By Kim Hart
Washington Post Staff Writer
Friday, October 26, 2007
XM Satellite Radio Holdings said yesterday that its third-quarter loss widened 70 percent from a year earlier, as it continued to push for regulatory approval to merge with smaller rival Sirius Satellite Radio.
The company added customers, but its losses increased primarily because sales in retail stores such as Best Buy and Circuit City fell.
XM added 315,000 net subscribers, compared with 286,000 in the third quarter last year, the first year-over-year customer growth in more than a year.
XM finished the quarter with 8.5 million subscribers, compared with 7.2 million at the same point last year.
People who bought cars equipped with XM radios make up 47 percent of XM's subscribers, said Nathaniel A. Davis, president and chief operating officer. This customer base grew during the third quarter primarily because XM made more deals with automakers.
But a 22 percent drop in sales through retail channels deepened the company's loss. XM also lost money in the quarter because of merger-related costs and severance pay to its former chief executive, Hugh Panero. The company, which has never earned a profit, also struggled to keep customers.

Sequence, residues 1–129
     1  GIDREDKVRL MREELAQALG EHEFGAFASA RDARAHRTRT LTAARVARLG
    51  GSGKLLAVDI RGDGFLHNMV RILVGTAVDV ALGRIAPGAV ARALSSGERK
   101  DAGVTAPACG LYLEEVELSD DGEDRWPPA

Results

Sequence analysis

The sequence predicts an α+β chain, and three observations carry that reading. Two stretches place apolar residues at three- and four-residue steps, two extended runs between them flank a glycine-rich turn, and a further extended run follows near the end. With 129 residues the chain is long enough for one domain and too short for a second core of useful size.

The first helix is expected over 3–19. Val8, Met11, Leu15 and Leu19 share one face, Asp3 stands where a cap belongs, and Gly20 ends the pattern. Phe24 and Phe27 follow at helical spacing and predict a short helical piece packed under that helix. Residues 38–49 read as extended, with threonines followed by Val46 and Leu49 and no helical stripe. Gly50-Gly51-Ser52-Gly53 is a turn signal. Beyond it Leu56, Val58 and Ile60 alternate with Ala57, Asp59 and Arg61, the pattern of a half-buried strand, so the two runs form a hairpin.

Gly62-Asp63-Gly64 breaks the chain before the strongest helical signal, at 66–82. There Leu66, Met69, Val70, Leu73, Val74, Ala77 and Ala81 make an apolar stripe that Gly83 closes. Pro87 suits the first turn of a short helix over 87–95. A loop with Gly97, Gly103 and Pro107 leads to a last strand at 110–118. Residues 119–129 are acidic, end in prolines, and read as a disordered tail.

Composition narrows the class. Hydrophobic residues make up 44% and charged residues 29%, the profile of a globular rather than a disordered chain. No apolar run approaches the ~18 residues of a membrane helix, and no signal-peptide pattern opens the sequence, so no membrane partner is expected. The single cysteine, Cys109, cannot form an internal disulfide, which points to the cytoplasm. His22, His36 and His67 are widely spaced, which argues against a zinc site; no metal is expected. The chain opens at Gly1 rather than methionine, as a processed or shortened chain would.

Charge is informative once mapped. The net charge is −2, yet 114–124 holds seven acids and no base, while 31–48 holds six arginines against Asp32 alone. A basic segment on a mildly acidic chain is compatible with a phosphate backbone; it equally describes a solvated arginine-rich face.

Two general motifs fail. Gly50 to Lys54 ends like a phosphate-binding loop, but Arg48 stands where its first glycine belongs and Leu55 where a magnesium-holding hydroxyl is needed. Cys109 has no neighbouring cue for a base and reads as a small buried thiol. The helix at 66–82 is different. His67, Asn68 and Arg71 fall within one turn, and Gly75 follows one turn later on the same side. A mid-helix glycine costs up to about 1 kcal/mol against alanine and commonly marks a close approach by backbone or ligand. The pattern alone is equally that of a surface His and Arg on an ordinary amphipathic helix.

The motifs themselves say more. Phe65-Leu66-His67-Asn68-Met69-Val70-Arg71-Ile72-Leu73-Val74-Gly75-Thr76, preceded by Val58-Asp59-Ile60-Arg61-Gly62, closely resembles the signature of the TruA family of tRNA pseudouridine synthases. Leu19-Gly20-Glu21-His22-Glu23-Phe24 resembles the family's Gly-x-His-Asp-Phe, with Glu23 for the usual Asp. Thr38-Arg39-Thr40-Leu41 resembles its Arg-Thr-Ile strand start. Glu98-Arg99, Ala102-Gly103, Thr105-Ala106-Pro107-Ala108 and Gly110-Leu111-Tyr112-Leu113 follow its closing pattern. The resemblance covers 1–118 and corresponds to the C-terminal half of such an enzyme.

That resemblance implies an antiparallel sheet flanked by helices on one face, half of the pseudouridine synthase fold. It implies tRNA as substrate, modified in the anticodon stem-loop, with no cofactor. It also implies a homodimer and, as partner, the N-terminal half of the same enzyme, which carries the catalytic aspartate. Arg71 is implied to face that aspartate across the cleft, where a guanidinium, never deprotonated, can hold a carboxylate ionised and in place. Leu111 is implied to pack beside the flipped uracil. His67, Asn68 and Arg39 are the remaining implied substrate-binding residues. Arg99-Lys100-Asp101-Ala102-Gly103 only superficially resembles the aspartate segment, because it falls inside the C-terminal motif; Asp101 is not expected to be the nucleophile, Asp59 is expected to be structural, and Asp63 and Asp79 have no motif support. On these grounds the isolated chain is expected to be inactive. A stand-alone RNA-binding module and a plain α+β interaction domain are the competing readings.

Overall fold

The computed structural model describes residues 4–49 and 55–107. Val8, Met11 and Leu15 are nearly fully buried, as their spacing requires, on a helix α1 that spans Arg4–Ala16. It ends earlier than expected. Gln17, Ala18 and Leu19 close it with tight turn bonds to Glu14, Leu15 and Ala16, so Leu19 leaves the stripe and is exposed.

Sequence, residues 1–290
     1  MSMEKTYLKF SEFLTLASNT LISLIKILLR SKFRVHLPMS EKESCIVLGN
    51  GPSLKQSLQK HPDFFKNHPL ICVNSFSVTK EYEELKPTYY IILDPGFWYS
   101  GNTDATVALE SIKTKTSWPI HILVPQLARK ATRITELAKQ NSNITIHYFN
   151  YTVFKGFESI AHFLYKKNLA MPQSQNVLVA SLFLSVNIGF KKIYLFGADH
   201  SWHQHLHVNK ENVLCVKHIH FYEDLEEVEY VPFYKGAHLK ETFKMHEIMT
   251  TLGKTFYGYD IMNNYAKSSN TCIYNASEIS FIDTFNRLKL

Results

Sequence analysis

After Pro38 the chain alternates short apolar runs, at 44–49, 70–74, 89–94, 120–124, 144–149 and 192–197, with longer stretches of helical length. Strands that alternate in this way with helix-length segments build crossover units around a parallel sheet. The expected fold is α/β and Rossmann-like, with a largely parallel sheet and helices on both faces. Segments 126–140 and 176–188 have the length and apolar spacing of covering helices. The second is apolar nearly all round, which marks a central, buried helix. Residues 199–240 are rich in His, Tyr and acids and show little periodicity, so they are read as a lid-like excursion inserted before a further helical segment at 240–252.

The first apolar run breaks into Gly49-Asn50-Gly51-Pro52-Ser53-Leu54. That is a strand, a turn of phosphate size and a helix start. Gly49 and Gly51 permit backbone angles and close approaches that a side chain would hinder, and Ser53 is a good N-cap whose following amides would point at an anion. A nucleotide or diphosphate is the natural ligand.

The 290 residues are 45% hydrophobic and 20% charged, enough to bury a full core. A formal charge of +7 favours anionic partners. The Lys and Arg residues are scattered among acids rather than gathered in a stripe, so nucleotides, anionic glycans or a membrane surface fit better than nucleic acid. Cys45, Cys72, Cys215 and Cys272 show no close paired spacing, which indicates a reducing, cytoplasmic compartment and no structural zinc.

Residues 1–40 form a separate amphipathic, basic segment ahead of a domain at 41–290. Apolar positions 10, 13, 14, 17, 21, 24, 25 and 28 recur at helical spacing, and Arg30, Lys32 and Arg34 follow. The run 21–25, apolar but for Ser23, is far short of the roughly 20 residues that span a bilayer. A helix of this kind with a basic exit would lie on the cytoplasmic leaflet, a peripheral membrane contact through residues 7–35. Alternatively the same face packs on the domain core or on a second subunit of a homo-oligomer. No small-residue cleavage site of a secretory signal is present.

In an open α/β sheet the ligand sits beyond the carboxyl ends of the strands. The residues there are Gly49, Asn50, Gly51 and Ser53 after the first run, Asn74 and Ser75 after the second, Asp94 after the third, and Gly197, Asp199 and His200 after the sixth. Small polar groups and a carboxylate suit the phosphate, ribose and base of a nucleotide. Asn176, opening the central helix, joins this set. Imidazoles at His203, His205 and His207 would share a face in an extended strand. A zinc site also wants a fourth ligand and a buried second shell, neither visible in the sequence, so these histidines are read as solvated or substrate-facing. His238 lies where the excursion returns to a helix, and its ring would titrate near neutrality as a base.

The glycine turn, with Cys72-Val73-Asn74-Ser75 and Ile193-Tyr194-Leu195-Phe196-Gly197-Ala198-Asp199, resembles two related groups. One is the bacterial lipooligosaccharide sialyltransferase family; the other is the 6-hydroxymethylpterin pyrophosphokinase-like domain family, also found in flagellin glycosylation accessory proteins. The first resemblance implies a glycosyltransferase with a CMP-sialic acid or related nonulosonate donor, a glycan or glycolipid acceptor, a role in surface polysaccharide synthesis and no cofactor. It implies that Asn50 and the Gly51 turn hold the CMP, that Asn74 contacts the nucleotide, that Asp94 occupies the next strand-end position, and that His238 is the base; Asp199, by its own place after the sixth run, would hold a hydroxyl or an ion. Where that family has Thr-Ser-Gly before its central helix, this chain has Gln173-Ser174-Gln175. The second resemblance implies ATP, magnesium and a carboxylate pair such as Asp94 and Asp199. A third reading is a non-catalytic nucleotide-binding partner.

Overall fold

"We're obviously not happy with the third-quarter results from the retail channel," Davis said during a conference call with analysts. XM expects to add customers in the fourth quarter, when retail sales usually increase, he said.
The District firm reported a loss of $145.4 million (47 cents per share), compared with a loss of $85.5 million (32 cents) in the third quarter the previous year. Revenue was $287.5 million, up from $240.4 million.
Davis said satellite-radio providers face increased competition from the proliferation of audio entertainment devices, such as MP3 players, cellphones and high-definition radio. XM and Sirius executives have said they hope regulators will approve the proposed merger to help satellite radio better compete against those media.
The argument that satellite-radio providers compete directly with other audio entertainment could fall flat with regulators, said Maurice C. McKenzie, an analyst at Signal Hill Capital Group in Baltimore. XM and Sirius can air live entertainment to customers in cars, offices and homes, setting them apart from iPods and Internet radio stations that have more restricted audiences, he said.
"They are as dissimilar as a movie theater is to a TV in someone's living room," he said. "While there is a proliferation of other audio devices, satellite radio is relatively unique."
At the same time, Federal Communications Commission Chairman Kevin J. Martin is trying to relax rules governing media ownership, partly because of new media alternatives. That proposal could indirectly improve the chances of the merger's success, analysts say.
XM Chairman Gary Parsons said he does not expect the renewed media ownership debate to affect the merger.
"I think the FCC will assess ours on its own merit and on its own timeline," he said.
XM shareholders are scheduled to meet Nov. 13 to vote on the merger. XM shares closed down 25 cents, or 1.6 percent, at $15.34.